Sunday, March 4, 2012

Mexico is NOT Colombia

Thepolicies implemented by the Calderon Government in Mexico and backed by theUnited States under the Merida Initiative and elsewhere have met with verylimited success on the ground in Mexico. There have been many photographs ofsmiling Mexican soldiers and marines standing next to mountains of seizednarcotics, automatic weapons and US currency, but in a practical sense, theproblem persists unabated.

Theproblem as I see it is not so much that Mexican Drug Trafficking Organizations(DTO’s) supply drugs to a drug hungry America as it is that nobody wants toseriously consider the eight hundred pound gorilla sitting in the corner. Thebig question is one of the extent to which the Mexican government operates asan extension of drug trafficking organizations. Efforts to determine this havelargely been superficial and concerted human intelligence collection programsin Mexico have yet to be considered as a serious option.

Oneday, the US will decide to address the problem of a DTO (mafia) run governmenton our Southern Border and when that happens, maybe elements of thesesuggestions could be dusted off and considered.

Mexicois not Colombia, and while the supply-side measures taken by the Colombians,supported by the United States were effective, simply cloning the Colombianstrategy is not enough. I won’t dwell on the differences between Colombia andMexico here and trust that the reader is sufficiently aware of those that theydon’t need to be rehashed here. There has been considerable evidence thatMexican DTO’s are manufacturing methamphetamine products in Africa and Europe.To some extent these products find their way into the North American narcoticsmarket as well.[1]Colombia acted as a way station for processing and distributing cocaine. TheMexican DTO’s have spread globally and the trend seems to be growing.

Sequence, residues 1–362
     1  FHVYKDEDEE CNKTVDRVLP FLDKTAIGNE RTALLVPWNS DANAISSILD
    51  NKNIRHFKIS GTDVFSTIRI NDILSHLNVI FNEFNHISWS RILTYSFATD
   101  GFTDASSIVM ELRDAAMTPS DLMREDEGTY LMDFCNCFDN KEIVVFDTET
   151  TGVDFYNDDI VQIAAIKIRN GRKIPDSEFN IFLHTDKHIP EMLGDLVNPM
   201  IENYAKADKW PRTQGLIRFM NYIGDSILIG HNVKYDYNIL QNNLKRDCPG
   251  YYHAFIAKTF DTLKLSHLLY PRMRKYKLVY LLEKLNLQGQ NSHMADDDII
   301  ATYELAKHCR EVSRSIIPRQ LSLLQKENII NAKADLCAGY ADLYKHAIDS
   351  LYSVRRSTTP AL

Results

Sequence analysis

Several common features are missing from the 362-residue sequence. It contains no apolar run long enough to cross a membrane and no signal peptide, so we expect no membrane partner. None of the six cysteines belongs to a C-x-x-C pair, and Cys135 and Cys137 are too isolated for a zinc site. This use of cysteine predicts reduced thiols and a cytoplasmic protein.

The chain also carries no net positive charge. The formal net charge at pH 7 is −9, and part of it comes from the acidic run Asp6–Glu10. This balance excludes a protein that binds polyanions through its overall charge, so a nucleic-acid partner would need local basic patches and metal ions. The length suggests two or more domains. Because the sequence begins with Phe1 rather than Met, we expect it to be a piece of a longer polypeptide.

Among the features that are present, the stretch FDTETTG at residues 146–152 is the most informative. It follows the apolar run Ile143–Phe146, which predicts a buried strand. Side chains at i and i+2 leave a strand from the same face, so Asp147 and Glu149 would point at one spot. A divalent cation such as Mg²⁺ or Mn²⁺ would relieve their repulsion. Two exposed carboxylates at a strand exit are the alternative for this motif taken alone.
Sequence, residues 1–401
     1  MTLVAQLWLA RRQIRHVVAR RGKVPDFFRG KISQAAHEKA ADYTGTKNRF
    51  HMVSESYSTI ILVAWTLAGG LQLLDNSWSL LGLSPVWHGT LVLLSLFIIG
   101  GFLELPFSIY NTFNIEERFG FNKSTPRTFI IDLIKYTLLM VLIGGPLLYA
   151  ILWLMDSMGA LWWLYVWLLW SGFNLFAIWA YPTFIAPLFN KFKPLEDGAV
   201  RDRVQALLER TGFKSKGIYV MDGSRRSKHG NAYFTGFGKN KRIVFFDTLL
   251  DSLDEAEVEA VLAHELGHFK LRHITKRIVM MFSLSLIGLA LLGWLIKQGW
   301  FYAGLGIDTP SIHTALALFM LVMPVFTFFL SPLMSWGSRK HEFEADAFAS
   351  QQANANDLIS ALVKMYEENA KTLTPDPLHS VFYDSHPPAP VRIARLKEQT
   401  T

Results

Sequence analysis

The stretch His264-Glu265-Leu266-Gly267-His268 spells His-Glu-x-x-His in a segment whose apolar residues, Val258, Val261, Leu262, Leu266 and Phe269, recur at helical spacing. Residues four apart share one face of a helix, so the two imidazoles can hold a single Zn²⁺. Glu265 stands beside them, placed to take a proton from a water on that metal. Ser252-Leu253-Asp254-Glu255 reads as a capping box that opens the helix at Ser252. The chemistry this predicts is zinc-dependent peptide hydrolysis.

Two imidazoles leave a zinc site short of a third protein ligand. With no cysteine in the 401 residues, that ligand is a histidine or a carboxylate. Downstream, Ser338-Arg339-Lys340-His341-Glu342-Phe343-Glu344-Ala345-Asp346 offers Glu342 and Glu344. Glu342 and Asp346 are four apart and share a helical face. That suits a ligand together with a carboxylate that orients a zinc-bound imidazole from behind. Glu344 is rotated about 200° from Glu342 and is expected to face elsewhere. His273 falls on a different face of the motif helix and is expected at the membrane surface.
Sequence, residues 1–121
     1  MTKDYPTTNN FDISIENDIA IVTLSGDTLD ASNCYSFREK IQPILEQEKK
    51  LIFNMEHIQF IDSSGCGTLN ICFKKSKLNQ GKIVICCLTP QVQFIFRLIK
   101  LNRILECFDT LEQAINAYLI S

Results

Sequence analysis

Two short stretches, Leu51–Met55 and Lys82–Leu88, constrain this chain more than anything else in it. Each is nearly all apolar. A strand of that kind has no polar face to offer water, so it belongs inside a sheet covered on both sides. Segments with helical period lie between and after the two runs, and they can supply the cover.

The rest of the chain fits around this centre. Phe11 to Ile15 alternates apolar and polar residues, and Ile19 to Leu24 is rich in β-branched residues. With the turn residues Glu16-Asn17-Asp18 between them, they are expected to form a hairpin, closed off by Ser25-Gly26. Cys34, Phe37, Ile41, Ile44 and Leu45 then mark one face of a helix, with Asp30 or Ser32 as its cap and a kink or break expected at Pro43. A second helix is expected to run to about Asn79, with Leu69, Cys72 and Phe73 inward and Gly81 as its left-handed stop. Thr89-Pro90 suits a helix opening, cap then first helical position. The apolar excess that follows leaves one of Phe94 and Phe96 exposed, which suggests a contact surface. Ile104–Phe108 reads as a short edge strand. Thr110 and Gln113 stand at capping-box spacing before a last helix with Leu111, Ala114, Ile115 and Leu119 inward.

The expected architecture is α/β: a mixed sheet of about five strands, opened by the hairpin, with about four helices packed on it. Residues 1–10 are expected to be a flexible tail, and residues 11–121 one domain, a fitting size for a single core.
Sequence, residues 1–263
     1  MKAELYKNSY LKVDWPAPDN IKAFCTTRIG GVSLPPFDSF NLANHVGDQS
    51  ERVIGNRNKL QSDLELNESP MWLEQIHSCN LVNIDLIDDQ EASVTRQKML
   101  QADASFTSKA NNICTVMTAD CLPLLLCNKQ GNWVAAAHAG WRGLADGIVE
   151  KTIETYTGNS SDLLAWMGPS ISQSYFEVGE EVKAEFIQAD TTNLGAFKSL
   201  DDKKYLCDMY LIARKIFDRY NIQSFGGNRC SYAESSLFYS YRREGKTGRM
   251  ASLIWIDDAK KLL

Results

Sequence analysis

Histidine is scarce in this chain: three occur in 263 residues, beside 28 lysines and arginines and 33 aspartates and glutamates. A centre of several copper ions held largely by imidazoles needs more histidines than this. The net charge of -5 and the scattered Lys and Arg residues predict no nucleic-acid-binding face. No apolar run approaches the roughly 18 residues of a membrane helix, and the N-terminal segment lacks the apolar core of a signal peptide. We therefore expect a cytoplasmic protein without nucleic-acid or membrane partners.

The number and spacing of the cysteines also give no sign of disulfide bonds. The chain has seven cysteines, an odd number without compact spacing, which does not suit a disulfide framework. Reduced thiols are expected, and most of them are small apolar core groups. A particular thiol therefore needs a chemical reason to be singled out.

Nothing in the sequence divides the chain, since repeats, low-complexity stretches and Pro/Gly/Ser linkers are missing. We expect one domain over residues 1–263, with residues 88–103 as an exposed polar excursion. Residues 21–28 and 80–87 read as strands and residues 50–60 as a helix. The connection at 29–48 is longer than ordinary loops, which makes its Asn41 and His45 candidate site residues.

Will the Merida Initiative Work?

TheUS Army War College found that the Merida Initiative, “is unlikely to achieve the desired results in Mexico. Infocusing largely on security, enforcement, and interdiction, the Merida Initiative pays comparatively littleattention to the deeper structural problems that fuel the drug trade anddrug-related violence. These problems, ranging from official corruption inMexico to large-scale drug consumption in the United States, have so farfrustrated Mexican attempts to rein in the cartels, and will likely hinder theeffectiveness of the Merida Initiative as well.” (emphasis added) Jumping toDr. Brands conclusion, in part, “The costs of action are therefore high, butthe price of inaction would be exponentially greater. The effects of drug usein the United States and the potential for the economic and politicaldestabilization of Mexico make counternarcotics an immensely significantnational security issue.”[2]

Successin combatting internal corruption and the DTO’s in Mexico requires a concertedeffort on the part of the US to assist those honest and trustworthy elementswithin the Mexican Government. The only way that this can happen is though theimplementation of a genuine human intelligence effort within Mexico designed toferret out DTO infrastructure. Arrests of high profile DTO members have donevery little to impact infrastructure. Seizures of arms, narcotics products and cash have had negligible impacton DTO infrastructure. As they grow into truly worldwide organizations, thiswill become increasingly difficult to accomplish. The longer the US waits onthe sidelines, the more entrenched the DTO’s will become.

[1] Mexico Operations Group Reports pertaining to LaResistencia (Millennium Cartel) and Cartel Nueva Generacion Jalisco. For themost part, the Joaquin Guzman Loera (El Chapo) DTO has focused on smugglingcocaine to the European market through Africa and directly.
[2] Strategic Studies Institute, US Army War College, Dr.Hal Brands, May 2009

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